The date was April 27, 1969, the year I entered the U.S. Army. The band was The Mind Garage; the broadcaster was ABC (American Broadcasting Corporation); the forum was Saint Mark’s Episcopal Church in Bowery, Manhattan. The event was called “14th Electric Mass.” It was seen by thousands of people in the United States and was rerun annually into the 1980s (classicchristianrockzine. com). Consider the earmarks of this proto-rock worship service:
First, from its inception rock worship was pagan in sound. The music of the first rock worship band was borrowed directly from the secular world. There was nothing sacred or holy about it. It was described as “psychedelic,” which was 1960s drug music. Journalist Joyce Tracewell described it as “deliberate alien music, the kind that makes you shiver.” She said “they sing in voices that should have belonged to Druids or Incas or Gypsies” (“Mind Garage Deliberate Alien Music,” Mindgarage.com, Apr. 19, 1970). I know this music. I lived this music as a drug-using “hippie” before I was saved. There is nothing godly about it. It is “spiritual” only in the sense that it is of the spirit of this world. From then until now, Contemporary Christian Music has borrowed its pleasure from the cesspool of the world’s party music, pretending to have this liberty, but it is
not a liberty justified by God’s Word. It is confusion; it is apostasy; it is rebellion to incorporate the sexualized, demon-influenced music styles of this wicked world into the worship of a thrice-holy God, the God who has commanded His people, “Be not conformed to this world” (Ro. 12:2).
Second, from its inception rock worship was ecumenical. The Mind Garage Band members were Baptist, Catholic, and Protestant. “It was not uncommon to witness Episcopalians, Catholics, Protestants and Jews together, all taking Communion” (“The Electric Liturgy of ‘The Mind Garage,’” Classic Christian Rockzine, 2015). The Mind Garage performed in Episcopal, Catholic, Presbyterian, Baptist, and Methodist churches. Ecumenism requires an unscriptural non-judgmental stance toward doctrine and practice and an openness of heresy and apostasy. Nothing is building a “one world church” more effectively than Contemporary Christian Music. Even the more conservative contemporary worship people, such as the Gettys, are ecumenical (e.g., their noncritical relationship with Roman Catholic Matt Maher). It is telling that the first televised rock worship service was held in an Episcopal congregation, seeing that the Episcopalians have been on the cutting edge of theological modernism and apostasy. Earlier in the 1960s, Episcopalian Bishop James Pike called the virgin birth of Christ a “primitive myth” and said that Joseph was probably Jesus’ real father (Redbook magazine, August 1961). He also said that Adam and Eve, the Garden of Eden, heaven, and hell are myths. In 1963, Episcopal theologian Paul van Buren started the “God is dead” movement with the publication of The Secular Meaning of the Gospel.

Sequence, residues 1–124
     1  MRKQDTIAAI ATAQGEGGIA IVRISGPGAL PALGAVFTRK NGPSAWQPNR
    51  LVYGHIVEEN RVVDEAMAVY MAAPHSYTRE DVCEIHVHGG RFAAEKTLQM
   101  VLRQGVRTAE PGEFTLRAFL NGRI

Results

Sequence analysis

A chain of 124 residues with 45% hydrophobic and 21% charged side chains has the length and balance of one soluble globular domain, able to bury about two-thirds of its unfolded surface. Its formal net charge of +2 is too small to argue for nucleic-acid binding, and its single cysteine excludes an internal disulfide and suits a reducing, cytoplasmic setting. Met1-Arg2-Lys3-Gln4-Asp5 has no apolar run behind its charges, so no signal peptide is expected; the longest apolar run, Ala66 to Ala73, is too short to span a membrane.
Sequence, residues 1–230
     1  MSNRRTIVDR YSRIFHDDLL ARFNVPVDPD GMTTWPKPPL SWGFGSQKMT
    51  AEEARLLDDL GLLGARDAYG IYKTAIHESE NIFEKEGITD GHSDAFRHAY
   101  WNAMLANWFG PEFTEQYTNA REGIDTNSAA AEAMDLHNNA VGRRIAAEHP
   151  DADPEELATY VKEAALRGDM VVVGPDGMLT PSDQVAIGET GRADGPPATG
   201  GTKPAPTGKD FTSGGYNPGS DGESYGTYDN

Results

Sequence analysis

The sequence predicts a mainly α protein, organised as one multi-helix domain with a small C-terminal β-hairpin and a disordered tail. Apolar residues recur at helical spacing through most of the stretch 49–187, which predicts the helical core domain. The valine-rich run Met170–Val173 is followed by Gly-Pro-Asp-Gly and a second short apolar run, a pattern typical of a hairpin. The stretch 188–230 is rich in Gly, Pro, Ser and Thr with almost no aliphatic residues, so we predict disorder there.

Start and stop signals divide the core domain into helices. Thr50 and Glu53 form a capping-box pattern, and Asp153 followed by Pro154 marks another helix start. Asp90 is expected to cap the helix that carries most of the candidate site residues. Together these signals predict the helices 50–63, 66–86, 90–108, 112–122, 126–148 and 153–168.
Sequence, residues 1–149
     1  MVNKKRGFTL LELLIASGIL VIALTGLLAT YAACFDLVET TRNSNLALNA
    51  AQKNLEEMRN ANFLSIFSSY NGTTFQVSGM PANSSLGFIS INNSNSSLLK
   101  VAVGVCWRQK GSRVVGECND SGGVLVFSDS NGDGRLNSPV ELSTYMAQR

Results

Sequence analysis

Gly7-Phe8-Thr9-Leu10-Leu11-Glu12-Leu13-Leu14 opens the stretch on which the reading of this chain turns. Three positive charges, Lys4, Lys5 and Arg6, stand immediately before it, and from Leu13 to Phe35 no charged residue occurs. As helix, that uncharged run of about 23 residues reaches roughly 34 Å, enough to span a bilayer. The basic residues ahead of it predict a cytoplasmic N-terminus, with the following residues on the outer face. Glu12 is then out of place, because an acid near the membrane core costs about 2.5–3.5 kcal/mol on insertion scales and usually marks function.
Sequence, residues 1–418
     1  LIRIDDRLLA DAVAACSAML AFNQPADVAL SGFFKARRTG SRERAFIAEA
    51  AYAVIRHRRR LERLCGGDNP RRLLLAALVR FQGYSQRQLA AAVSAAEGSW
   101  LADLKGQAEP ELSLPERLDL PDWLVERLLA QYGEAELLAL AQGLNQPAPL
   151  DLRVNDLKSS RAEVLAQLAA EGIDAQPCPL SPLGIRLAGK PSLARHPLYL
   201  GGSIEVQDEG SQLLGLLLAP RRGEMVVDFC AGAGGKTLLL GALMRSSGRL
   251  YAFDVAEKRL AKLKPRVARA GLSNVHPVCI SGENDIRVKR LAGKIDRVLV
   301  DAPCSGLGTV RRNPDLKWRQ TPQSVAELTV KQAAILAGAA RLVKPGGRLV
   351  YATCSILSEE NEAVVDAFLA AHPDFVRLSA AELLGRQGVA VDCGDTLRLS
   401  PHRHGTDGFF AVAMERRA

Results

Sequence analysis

Third, from its inception rock worship was worldly. The longhaired men of The Mind Garage “were not overly religious” and cared little to nothing about biblical precepts against unisex and immodest fashion, alcohol and drug use, separation from filthy things such as secular rock music. The Mind Garage associated with and performed with filthy bands such as Iron Butterfly, Sly and the Family Stone, and Canned Heat. In effect, they ripped verses such as the following from their Bibles: Romans 12:2; 1 Corinthians 11:14-15; 2 Corinthians 6:14-18; Ephesians 5:11; 1 Timothy 2:9; James 4:4; and 1 John 2:15-17. Worldliness continues to be a prominent feature of Contemporary Christian Music, as we have documented in Baptist Music Wars and Directory of Contemporary Worship Musicians, both of which are available as free eBooks from www.wayoflife.org.
Fourth, from its inception rock worship was focused on a feeling. A Mind Garage advertisement said, “We welcome you to the electric liturgy, a festival of feeling.” We are reminded that from its inception, contemporary Christian music has been experience oriented, which is largely a product of its intimate association with the charismatic movement. Contemporary worship music is a rock & roll feeling-fest. It is designed to create an emotional experience, a sensual experience, as opposed to a sacred music style that edifies through the mind and heart. We are taught to learn of Christ, not feel Christ (Mt. 11:28-30). But Graham Kendrick, one of the biggest names in contemporary worship, says, “The old way of preaching and singing began to give way to an expectation that ... God would visit us, and we’d EXPERIENCE HIS PRESENCE IN A TANGIBLE SORT OF WAY” (interview June 11, 2002 with Chris Davidson of Integrity Music). Hillsong United’s Matt Crocker says, “My goal is to create an atmosphere for people to be able to enter into the presence of God” (“Seeing the World in Wonder with Hillsong United’s Matt Crocker,” WorshipMusician.com, Jul. 21, 2017). The search for feeling in worship drives the choice of a rock style of music. Unlike traditional sacred music styles, rock music produces strong sensual feelings. One rock song writer well described it as being “hooked on a feeling.”
A Bible-believing church that is playing with contemporary Christian music is playing with fire. It is building bridges to the one-world “church” and to the world itself, bridges that will eventually destroy whatever biblicist, pilgrim character the church currently possesses.
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